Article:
The Essential Vitamins Crew (EVC) of Buffalo boasts “no additives or preservatives,” and that’s exactly what EVC member and hip hop producer Cove has testified to on his latest album love.gained/love.lost.too. The release is a follow up to Cove’s Love.Lost/Love.Gained. release of last February, and it follows a similar soundscape. Cove keeps the track name nearly as simple as possible. Most of the titles are just their number, with the exception of a few dates and the album’s closer.

Track “two”begins with a quote from Love and Basketball, in which the main characters as children begin dating. Throughout the album Cove rips scenes depicting different stages of love from movies and uses them as interludes to further portray the album’s themes. “Apr.20” was hardly the pot-smokers anthem one would think considering it’s name. Cove chops up the same vocal sample we’ve heard on Black Hippy’s “Black Lip Bastard” remix, and combines it with a myriad of of instrumentation that allows this song to become one of the most conspicuous love songs on the project. Contrasting songs like “two” are the break-up songs such as “six.” Cove again chops up a vocal sample, this time accompanying it with scattered depressing audio clips.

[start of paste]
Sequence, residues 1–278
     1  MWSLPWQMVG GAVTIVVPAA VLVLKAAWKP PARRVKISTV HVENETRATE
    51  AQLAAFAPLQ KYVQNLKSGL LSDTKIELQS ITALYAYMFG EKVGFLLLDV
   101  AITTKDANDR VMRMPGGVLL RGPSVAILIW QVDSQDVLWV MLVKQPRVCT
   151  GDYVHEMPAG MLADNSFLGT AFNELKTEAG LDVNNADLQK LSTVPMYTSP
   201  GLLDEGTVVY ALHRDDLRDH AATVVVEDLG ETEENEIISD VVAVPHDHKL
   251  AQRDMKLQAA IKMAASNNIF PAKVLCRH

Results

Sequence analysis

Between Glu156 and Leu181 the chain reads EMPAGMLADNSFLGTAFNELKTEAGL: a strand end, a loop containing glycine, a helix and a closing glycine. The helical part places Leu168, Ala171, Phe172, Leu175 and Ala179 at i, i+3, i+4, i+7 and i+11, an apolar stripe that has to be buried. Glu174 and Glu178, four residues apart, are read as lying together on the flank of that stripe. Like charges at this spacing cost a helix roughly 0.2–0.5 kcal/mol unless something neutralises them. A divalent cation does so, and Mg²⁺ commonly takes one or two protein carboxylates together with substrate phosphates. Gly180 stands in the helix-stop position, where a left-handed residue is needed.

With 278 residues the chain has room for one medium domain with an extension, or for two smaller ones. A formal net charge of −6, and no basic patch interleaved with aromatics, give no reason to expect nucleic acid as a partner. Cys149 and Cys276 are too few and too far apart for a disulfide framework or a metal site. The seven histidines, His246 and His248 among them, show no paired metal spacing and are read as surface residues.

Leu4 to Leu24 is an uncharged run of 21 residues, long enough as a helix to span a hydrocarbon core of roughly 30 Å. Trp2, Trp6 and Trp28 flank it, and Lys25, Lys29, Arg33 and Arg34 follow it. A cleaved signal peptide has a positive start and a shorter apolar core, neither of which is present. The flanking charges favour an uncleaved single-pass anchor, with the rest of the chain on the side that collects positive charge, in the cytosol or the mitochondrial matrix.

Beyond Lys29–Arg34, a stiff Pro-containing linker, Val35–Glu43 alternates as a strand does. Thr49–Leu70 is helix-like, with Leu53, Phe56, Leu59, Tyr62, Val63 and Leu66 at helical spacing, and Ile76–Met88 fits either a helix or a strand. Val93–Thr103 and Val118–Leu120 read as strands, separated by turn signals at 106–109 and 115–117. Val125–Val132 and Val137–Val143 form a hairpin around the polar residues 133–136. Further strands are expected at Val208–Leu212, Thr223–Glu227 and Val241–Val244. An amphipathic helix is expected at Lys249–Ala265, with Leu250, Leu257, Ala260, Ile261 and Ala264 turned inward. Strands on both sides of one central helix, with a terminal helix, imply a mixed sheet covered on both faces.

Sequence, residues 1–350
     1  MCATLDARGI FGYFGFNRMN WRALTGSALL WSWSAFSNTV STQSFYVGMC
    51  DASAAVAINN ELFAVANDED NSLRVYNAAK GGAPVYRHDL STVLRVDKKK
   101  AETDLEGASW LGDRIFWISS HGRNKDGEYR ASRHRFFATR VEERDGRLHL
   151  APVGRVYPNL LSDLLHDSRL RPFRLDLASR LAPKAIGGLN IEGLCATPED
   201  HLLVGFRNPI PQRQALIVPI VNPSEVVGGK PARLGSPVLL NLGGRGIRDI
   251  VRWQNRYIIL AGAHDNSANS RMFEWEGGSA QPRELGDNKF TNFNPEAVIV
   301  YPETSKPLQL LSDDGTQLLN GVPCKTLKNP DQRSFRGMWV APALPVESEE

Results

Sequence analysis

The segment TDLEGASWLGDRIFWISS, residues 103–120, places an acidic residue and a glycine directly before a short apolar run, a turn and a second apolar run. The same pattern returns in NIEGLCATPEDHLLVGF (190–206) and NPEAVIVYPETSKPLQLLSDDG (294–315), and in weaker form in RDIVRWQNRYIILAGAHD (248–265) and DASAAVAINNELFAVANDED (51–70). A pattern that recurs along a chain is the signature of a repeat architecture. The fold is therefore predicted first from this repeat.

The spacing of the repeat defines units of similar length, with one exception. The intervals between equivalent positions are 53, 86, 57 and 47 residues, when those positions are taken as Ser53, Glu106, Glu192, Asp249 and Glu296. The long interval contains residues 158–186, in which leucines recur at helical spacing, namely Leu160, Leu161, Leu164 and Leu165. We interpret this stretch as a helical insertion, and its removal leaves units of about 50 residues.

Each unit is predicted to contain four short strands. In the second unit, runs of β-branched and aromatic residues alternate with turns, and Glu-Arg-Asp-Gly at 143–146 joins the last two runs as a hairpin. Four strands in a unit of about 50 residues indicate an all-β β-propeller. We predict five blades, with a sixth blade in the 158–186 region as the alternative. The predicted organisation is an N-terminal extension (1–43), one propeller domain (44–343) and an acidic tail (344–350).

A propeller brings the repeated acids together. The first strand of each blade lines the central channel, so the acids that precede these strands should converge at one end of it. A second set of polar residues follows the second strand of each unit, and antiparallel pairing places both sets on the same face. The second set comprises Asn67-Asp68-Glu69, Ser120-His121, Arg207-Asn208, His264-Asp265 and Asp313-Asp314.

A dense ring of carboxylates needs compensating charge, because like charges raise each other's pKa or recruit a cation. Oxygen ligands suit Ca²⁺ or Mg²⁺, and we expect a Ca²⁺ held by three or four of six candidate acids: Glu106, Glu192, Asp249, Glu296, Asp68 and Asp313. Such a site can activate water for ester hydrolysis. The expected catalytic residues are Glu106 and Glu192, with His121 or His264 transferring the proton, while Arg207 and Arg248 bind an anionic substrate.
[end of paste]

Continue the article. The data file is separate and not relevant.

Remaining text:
Tracks “ten” and “eleven” are each an enchanting composition of sounds. “Ten’s” guitar and piano blend seamlessly into each other to create the song’s main loop. A rich, ethereal bass creeps in and out of the song, and sets up an atmosphere of conflicting emotions. “Eleven” takes use of a Nicholas Cage monologue from City of Angels to kick things off, and from there Cove crafts a beat of drums and DJ cuts. The song closes on a truly lovely baritone loop over some harp-like rhythmic strings. “Twelve” is a standout as well, combining a DOOM-like flute loop with beach-guitar and steel drums.

“Seventeen” has a somewhat Middle-Eastern flair to it, making work of some kind of woodwind to compose the heart of the beat. I’ve spent a disappointing amount of time Googling to no avail the song that Cove recreated on “nineteen.” It’s a synonymous with the romance movie genre, and Cove’s hip-hop-ified inclusion of it on his album drives reaffirms his strength in recognizing the emotions that certain songs can emit.

25 tracks deep, love.gained/love.lost.too. leaves no sound untouched. Cove accomplishes the difficult task of conveying a consistent theme on an instrumental album. His sampling and composition form a great project that’s definitely worth the listen.

Peep it here: